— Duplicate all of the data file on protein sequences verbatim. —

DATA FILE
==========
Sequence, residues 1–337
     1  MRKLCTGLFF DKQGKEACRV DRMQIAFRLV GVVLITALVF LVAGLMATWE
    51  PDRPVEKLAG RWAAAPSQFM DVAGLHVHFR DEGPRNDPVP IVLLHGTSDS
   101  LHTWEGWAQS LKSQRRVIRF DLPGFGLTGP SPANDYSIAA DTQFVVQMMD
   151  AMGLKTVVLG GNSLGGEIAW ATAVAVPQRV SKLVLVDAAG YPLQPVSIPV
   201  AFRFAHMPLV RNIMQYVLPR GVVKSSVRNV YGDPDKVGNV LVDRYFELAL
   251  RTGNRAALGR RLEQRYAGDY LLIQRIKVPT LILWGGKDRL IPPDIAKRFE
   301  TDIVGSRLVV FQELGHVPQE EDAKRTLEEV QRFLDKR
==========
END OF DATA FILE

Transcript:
Sequence, residues 1–337
     1  MRKLCTGLFF DKQGKEACRV DRMQIAFRLV GVVLITALVF LVAGLMATWE
    51  PDRPVEKLAG RWAAAPSQFM DVAGLHVHFR DEGPRNDPVP IVLLHGTSDS
   101  LHTWEGWAQS LKSQRRVIRF DLPGFGLTGP SPANDYSIAA DTQFVVQMMD
   151  AMGLKTVVLG GNSLGGEIAW ATAVAVPQRV SKLVLVDAAG YPLQPVSIPV
   201  AFRFAHMPLV RNIMQYVLPR GVVKSSVRNV YGDPDKVGNV LVDRYFELAL
   251  RTGNRAALGR RLEQRYAGDY LLIQRIKVPT LILWGGKDRL IPPDIAKRFE
   301  TDIVGSRLVV FQELGHVPQE EDAKRTLEEV QRFLDKR